Sunday, March 17, 2013

Altered Couture returns

 I'm sure you've all had an experience watching an event- a sports event, a play, a concert, a show of some sort...and you think to yourself, "Oh how I wish I was up there/in there/doing that!"  Well, in the audience at the Altered Couture Fashion Show in 2011 with my friend Brigid, I thought just that. Making fashions out of recycled items? Helloooo! That's my gig!
 You can see my posts about the show here and here. I met Susan Perrine that evening. Thank you to Susie (and to facebook) who told me about this year's show.  And the theme this year couldn't be a better fit: Packaging.

So here I am with my supplies: about 15 jute coffee sacks, and about a dozen plastic coffee bags.  I'm holding an empty cup, having just come from Coffee By Design (I can't go down Washington Ave in Portland without grabbing a cuppa). I had to submit this photo to the show organizer. Now I've got 9 days to finish my fashion item before I hit the runway on Thursday, April 4th. My plan is just to keep a caffeine buzz going all week. Rebel blend by Coffee by Design.  Drop me a word of encouragement here and tell me YOUR favorite brew.

Monday, January 7, 2013

When the urge to craft becomes URGENT

During my holiday crafting frenzy I picked up an issue of MaryJanes Farm Magazine and wanted to make the wreath on the cover.  Classic Kate: putting down the umpteen things she *should* be doing and instead following a crafting urge that immediately seems vital and important.  The ingredients were what attracted me: recycled stuff used in a unique way.  Unique, you ask? How unique is it if you are following something on a magazine cover? You've got me there.  I rarely come up with anything new myself but try to give ample credit to all sources.

 I knew I had lots of coffee sacks. (Thanks Paul from Bohemian Coffee Roasters) A request for the necessary "Box frame" to just three of my flower growing/wreath making friends yielded not one but TWO of the frames I needed. (Thanks Betsy Steen and Leslie Anderson).

  I added some wire to make the openings smaller.

Then stripped the coffee sacks and started loopin' and pokin' it in and around. MaryJane's Magazine people had offered very little in the way of instructions so I made it up.

 I thought it needed a bow, but I wanted to keep the "look" rustic and funky.


 A walk with my dog through the craft supplies store known as East Bowdoinham farmland yielded what I wanted...

                      Rusty metal!

I got out my tin snips.
 It was just pliable enough to bend with a gloved hand. FYI, my tetanus shot is up to date.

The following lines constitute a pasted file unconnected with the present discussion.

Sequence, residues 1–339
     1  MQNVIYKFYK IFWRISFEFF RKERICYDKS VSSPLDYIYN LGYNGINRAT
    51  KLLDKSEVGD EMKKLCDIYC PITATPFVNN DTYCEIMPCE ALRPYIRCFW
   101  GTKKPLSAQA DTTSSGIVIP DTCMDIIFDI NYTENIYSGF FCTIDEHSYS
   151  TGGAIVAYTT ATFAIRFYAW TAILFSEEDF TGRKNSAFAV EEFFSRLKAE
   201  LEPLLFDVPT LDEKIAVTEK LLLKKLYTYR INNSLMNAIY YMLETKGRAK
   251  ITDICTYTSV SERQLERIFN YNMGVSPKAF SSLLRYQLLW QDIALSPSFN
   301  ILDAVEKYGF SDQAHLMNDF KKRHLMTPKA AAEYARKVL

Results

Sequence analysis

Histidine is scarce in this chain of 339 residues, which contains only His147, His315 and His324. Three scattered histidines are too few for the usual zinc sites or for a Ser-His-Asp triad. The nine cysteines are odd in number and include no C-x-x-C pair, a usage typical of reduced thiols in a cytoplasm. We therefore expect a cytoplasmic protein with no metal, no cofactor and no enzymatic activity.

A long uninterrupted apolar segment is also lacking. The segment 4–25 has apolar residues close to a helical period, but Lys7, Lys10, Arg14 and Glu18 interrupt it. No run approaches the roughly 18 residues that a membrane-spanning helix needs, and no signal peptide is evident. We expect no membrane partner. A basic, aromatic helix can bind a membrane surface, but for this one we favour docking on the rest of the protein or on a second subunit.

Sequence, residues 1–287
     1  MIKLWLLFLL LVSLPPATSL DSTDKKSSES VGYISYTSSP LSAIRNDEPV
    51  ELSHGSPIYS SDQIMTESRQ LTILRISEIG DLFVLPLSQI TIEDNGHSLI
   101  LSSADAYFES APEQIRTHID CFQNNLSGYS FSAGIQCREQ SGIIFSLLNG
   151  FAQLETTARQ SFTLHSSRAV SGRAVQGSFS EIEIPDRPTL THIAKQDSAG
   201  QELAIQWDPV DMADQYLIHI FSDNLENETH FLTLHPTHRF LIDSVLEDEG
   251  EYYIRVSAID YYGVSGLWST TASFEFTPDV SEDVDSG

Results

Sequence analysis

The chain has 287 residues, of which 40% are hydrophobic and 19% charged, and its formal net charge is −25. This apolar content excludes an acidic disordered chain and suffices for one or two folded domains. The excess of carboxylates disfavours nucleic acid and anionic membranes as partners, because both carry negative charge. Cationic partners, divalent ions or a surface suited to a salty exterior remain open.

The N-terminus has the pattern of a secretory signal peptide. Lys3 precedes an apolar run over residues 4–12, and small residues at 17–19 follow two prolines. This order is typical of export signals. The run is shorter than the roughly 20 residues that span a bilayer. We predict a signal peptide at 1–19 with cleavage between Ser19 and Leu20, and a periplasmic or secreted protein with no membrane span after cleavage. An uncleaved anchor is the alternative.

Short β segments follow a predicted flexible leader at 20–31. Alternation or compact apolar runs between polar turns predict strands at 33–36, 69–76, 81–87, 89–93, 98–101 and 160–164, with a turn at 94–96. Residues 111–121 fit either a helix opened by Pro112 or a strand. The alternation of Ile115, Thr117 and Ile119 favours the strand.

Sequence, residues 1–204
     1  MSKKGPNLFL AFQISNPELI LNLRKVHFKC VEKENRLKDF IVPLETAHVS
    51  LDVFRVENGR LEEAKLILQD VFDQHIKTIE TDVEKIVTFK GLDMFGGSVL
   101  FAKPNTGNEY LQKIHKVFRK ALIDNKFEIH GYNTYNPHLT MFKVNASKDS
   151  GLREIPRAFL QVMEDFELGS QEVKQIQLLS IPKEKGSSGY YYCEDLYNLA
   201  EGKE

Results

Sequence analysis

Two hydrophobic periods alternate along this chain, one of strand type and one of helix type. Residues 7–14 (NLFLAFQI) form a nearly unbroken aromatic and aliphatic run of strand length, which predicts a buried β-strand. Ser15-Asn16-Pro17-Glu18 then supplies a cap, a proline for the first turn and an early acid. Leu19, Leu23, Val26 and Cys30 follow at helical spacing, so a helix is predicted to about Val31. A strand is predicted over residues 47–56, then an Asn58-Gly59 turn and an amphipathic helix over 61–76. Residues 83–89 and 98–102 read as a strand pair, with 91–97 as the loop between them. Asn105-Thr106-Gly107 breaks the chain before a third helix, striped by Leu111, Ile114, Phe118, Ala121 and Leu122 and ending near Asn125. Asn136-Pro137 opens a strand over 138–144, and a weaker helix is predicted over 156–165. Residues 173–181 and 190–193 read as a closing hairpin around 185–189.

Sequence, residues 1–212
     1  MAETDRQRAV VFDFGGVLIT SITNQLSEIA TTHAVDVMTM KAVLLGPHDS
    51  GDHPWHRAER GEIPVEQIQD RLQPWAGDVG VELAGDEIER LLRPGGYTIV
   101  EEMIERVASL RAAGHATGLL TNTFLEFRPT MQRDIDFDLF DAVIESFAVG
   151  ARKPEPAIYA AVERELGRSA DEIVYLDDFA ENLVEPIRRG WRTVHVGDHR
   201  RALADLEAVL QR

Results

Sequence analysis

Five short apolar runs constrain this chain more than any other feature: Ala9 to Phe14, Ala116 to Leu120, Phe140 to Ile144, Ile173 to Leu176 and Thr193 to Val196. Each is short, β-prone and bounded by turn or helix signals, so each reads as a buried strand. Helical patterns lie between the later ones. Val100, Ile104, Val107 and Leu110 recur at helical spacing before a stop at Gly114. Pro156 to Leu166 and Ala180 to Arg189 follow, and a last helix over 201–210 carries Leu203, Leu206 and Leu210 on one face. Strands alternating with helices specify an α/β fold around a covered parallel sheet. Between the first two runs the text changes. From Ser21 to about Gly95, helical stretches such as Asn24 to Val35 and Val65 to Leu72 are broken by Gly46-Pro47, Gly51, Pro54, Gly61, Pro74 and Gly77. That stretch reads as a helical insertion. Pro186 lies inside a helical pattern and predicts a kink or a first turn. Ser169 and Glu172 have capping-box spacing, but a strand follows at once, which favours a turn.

Now that's what I was going for.

What's a wreath without berries? Hooray for the button collection I found at the B.of O.  Hot glue and wire turned them into berries.  ( I lost patience after just a few. See urgency noted above)

The seemingly complete wreath hung on my door through the days leading up to Christmas. Then Santa brought me the perfect centerpiece, a small bird made by  the supertalented Steve Ciembroniewicz: school principal by day, artist and crafter by night. Santa must have shopped at Steve's family's "Dos Pollitos" booth at the Bowdoinham Holiday Festival craft fair. Smartypants Santa.
                                                Happy New Year and Happy Recycling.

Wednesday, December 12, 2012

12 Days of Recycled Crafting

You know you haven't blogged in a while when you can't remember your blog's password...  oh well.   Nevertheless I'm back for the season of recycled/upcycled crafting. This time of year it's as if I have a fever of crafting. It wakes me in the night, it distracts me from other tasks, and I seek the company of other afflicted crafters.  I was invited into just such a group last Friday night when Amy Decker had a group of StampinUp hostesses to her home for a lovely party, complete with food, sweets and projects! The first project is modeled here by "WoWo". (Such a willing model!)
It is made from beautiful StampinUp designer paper affixed to a washer. So simple I just had to rush home and make more.

I dug through the tool bin and came up with three washers: one new and two used.  Fine by me. Recycle, Baby!  I cut the circles, inside and out, from pretty paper.  Then I glued the paper onto the washers and sanded off any excess.